Vertigo (dizziness) is an uncomfortable feeling of motion when there is no actual movement. The feeling of motion is commonly described as spinning or whirling, but it also may include sensations of falling or tilting.
Vertigo can cause nausea and vomiting. It may be difficult to maintain balance, walk, or stand.
Causes for vertigo include nerve, blood flow, or inner ear problems.
Infrequent episodes of vertigo may not require treatment. If vertigo is severe or frequent, treatment will depend on the specific cause.
Vestibular rehabilitation therapy (VRT) is a type of physical therapy used to treat vertigo. The goal of treatment is to minimize dizziness, improve balance, and prevent falls by restoring normal function of the vestibular system.
In VRT, the patient performs exercises designed to allow the brain to adapt to and compensate for whatever is causing the vertigo. The success of this treatment depends on several factors including the following:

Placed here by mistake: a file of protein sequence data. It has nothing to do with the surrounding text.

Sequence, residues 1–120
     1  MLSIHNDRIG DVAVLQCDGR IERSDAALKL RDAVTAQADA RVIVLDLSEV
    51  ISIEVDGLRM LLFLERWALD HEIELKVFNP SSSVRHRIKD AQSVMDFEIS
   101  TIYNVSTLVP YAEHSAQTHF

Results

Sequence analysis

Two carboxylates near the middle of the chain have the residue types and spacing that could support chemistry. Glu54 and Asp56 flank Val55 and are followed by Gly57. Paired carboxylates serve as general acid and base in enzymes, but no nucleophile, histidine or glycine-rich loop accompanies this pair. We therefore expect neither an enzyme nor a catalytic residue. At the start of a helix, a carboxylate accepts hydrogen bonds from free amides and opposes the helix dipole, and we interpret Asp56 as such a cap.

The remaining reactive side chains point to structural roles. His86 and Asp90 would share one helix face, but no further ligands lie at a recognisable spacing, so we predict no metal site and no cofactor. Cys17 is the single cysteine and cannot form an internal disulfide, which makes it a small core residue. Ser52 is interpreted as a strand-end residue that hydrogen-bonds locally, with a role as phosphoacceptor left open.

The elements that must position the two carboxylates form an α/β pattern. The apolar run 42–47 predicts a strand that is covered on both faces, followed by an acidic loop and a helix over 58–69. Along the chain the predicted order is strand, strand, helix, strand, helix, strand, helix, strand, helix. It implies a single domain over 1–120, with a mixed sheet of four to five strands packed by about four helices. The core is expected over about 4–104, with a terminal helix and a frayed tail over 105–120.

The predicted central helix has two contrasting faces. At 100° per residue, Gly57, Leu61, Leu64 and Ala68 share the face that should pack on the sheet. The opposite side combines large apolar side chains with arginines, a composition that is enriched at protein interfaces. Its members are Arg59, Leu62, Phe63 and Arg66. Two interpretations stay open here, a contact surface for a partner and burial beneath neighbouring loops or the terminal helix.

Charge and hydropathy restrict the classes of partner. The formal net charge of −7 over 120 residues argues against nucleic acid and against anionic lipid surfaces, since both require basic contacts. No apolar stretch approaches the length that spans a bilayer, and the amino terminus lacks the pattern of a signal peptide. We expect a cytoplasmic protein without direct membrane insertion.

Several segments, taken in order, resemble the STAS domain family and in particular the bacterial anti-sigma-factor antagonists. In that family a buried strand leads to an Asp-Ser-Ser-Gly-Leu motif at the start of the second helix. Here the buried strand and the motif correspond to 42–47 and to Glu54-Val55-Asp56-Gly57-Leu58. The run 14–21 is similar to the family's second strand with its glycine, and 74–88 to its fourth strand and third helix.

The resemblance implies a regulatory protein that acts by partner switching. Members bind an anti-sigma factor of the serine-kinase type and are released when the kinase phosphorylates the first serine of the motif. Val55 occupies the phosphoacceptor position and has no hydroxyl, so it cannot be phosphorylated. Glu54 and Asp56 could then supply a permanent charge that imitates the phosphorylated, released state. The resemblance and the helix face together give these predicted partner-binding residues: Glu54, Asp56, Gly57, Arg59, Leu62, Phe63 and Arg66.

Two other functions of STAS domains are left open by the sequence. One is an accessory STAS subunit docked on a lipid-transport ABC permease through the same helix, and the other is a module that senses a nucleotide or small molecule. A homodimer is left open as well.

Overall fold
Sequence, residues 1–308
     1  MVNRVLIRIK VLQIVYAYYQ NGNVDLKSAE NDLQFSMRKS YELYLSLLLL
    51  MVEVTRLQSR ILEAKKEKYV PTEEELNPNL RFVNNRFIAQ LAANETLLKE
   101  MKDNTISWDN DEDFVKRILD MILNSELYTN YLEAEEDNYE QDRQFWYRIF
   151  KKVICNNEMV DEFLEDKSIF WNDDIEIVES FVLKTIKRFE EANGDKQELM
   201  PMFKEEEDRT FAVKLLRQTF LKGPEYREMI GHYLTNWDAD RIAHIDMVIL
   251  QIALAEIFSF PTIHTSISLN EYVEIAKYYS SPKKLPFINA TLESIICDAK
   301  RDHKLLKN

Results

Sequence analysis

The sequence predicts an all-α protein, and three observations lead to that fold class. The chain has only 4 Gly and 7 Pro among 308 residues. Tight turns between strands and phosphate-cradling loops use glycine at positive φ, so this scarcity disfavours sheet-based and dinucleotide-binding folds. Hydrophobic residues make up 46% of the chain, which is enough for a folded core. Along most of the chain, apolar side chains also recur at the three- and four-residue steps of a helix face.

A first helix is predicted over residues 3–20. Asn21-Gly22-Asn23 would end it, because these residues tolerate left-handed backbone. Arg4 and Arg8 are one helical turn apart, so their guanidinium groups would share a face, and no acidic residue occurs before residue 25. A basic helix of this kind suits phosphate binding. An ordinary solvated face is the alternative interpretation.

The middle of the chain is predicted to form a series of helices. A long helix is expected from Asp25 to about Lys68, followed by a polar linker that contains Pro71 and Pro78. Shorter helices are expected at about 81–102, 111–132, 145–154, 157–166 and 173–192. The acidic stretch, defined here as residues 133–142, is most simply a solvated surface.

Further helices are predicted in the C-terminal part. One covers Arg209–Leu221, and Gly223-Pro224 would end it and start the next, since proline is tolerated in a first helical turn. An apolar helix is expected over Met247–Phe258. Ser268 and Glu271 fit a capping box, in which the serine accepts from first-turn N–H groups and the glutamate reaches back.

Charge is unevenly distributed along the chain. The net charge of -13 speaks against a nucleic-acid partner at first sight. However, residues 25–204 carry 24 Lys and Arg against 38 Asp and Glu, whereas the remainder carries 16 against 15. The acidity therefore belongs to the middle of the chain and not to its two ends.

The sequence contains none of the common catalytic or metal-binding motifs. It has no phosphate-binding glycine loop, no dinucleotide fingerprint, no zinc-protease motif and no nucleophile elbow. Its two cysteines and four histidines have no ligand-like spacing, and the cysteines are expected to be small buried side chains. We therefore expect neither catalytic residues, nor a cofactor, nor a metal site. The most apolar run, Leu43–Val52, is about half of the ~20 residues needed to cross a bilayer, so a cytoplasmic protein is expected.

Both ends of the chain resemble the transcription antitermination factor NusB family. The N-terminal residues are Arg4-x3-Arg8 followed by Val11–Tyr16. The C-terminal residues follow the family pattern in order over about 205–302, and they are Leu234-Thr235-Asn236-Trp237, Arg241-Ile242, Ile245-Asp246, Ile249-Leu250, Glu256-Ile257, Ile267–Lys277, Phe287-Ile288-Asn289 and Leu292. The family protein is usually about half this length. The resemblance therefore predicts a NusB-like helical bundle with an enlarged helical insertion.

- Age of Patient
- Cognitive Function (e.g., memory, ability to follow directions in order)
- Coordination and Motor Skills
- Overall Health of the Patient (including the central nervous system)
- Physical Strength
Vestibular rehabilitation therapy is designed by a physical therapist under the direction of a physician. In most cases, patients visit the therapist on a limited basis and perform custom-designed exercises at home, several times a day. As the patient progresses, difficulty of the exercises increases until the highest level of balance is attained during head movement, eye movement (i.e., tracking with the eyes), and walking.
According to the American Academy of Neurology, the most effective treatment for benign paroxysmal positional vertigo (BPPV) caused by ear crystals in the posterior semicircular canal, is a technique called the canalith repositioning procedure, or the Epley maneuver.
In this procedure, a physician or physical therapist assists the patient in performing a series of head and body movements, which move the calcium crystal out from the posterior semicircular canal and into another inner ear canal, where the body absorbs it. Another technique (called the Semont maneuver) also may be effective, but additional studies are needed.